Teresa spoke to MacDonald’s shared thought.
“The idea of him leaving Canada everyone back home dreams of coming here,
” Teresa said. “(He was) leaving the best medical technology you could ask for, a good way of living here and deciding to go back because, really, his fundamental love is for his people to really help his people, to educate his people, his country and move from this idea of poverty. He loved, loved, loved his country. He loved Canada too and he is resting at peace knowing we’re here in Canada.”
With the Ebola outbreak in Sierra Leone, Turay put himself on the frontlines in trying to help his people. Teresa spoke to his courage and commitment.
“He was a champion for that,” she said.
“When Ebola happened, some parliamentarians stayed in the capital because they didn’t want to be amongst the people because of a fear they would get Ebola which is fair but my dad, he would be at the forefront with his people educating them, teaching them about sanitization. With cdpeace and also as a government official; telling them what they needed to do.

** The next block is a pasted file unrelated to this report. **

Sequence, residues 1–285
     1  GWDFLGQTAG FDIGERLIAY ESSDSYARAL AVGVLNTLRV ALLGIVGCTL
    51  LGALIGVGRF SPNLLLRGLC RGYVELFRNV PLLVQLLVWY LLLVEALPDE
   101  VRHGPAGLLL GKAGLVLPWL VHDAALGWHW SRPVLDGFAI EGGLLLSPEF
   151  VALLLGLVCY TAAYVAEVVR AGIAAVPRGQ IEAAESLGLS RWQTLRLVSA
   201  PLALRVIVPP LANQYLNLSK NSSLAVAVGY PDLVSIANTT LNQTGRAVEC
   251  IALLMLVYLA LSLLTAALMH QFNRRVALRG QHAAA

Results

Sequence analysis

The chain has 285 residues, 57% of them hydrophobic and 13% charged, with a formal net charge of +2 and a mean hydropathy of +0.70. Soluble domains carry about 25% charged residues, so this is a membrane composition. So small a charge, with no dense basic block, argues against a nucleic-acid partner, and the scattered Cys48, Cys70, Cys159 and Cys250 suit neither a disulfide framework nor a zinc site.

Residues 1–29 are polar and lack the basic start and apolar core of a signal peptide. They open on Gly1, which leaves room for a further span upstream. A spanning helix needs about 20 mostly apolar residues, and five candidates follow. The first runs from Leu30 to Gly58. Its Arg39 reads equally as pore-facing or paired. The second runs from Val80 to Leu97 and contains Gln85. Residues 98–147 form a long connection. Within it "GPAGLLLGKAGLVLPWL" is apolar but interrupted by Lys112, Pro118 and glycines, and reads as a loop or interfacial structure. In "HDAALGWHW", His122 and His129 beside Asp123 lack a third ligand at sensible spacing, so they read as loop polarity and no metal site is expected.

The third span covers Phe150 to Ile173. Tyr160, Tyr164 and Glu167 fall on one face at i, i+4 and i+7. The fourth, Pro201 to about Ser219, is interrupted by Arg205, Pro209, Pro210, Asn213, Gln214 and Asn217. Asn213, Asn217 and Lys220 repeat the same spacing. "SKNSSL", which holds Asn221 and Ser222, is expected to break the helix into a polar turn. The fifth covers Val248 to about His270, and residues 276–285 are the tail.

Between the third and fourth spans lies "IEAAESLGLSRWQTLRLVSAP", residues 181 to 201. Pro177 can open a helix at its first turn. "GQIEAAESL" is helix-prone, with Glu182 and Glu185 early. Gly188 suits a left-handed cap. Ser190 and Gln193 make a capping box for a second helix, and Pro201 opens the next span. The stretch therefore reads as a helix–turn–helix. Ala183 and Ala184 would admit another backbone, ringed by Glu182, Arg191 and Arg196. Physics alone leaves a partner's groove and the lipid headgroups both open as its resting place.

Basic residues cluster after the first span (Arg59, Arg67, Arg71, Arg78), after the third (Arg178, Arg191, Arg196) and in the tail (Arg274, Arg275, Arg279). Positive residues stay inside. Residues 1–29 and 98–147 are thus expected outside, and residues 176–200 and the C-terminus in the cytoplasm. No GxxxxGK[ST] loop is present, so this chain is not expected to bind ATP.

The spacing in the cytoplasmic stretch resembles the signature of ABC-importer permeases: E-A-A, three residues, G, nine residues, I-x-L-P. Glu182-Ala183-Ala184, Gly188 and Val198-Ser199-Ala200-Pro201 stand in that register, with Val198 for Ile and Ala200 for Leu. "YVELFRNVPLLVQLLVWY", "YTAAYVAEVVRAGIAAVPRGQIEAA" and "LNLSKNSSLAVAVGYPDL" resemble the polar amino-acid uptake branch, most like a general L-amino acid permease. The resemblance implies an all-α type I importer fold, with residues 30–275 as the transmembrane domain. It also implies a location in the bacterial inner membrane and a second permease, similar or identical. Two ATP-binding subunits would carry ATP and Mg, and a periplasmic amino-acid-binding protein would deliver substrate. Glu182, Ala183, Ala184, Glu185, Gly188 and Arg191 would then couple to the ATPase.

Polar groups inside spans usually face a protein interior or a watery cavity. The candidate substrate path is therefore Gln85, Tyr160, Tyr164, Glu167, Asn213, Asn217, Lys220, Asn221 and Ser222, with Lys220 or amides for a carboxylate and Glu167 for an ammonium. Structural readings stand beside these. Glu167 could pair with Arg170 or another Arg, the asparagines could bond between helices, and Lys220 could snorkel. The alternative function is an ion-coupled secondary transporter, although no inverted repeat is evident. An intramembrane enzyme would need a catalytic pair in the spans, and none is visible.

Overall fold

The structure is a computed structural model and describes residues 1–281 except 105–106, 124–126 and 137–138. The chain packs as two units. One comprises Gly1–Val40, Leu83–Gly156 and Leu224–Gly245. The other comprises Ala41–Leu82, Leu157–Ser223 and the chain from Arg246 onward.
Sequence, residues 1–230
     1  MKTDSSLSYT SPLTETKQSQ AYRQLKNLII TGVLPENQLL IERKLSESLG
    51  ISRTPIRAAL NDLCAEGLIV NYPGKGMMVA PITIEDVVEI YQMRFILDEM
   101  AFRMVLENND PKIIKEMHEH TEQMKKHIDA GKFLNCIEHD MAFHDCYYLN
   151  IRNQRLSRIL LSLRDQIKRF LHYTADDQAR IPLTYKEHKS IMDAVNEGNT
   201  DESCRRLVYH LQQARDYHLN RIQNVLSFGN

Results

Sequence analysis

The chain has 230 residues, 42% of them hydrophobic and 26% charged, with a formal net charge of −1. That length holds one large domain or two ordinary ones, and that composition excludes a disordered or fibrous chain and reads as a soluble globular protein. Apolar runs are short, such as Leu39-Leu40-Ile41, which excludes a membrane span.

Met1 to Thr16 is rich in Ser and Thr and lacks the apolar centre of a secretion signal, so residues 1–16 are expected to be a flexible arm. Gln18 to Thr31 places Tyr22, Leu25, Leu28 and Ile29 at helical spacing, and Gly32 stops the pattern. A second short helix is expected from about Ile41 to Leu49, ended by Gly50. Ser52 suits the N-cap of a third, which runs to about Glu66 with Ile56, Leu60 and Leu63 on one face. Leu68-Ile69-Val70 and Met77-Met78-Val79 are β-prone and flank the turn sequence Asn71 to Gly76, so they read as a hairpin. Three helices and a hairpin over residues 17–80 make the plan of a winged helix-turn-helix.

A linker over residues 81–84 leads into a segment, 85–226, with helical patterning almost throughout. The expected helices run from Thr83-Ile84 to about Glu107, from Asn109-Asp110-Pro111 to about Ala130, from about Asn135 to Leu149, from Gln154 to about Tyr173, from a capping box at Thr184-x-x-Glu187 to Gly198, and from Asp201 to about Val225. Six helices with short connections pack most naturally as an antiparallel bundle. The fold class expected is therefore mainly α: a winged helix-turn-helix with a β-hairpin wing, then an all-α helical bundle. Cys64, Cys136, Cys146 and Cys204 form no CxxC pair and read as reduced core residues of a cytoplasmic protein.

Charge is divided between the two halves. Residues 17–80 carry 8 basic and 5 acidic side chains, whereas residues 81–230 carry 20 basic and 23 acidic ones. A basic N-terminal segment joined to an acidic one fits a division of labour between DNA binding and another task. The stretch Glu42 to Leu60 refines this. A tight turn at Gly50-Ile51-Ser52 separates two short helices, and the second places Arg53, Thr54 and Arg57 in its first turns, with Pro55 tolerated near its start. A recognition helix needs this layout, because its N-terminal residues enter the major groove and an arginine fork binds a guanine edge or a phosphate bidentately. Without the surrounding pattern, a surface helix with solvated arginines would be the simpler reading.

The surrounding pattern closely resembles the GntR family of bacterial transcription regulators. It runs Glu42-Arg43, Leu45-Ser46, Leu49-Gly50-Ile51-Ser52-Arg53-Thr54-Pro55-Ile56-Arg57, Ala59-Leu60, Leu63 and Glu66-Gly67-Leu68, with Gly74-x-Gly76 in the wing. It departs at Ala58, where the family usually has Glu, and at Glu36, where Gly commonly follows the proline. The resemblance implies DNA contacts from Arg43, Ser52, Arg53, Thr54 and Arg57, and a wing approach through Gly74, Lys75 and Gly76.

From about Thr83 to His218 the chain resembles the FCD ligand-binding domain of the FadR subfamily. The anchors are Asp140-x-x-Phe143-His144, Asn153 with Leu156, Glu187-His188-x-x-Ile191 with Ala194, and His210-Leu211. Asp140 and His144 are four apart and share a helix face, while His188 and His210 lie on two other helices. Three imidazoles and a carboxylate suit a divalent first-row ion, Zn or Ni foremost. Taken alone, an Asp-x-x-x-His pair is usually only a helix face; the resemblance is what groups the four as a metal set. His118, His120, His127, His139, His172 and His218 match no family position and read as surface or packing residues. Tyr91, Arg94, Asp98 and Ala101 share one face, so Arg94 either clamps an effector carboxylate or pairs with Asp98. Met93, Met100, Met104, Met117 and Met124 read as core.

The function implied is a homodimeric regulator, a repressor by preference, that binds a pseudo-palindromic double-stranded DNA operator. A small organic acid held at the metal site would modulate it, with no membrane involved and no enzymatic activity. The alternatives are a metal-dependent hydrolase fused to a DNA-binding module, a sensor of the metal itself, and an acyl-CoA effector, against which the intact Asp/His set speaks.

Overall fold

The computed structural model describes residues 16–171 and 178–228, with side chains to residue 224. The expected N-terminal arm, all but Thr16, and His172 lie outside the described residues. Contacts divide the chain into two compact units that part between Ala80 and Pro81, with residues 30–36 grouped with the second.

“Sometimes the problem with our country is if you’re not educated, you don’t know how you’re going to do better. So he really did go into the villages, teaching the people, telling them what was going on not just ‘oh there is an Ebola so don’t do this’ but the why.
“The bishop was saying, the priest was saying (at the funeral service in Sierra Leone), every Sunday my dad would attend two Masses to, at the end of the service, update people about Ebola, how they should prevent getting it themselves and if they did have somebody sick or weren’t sure, how they could get help.”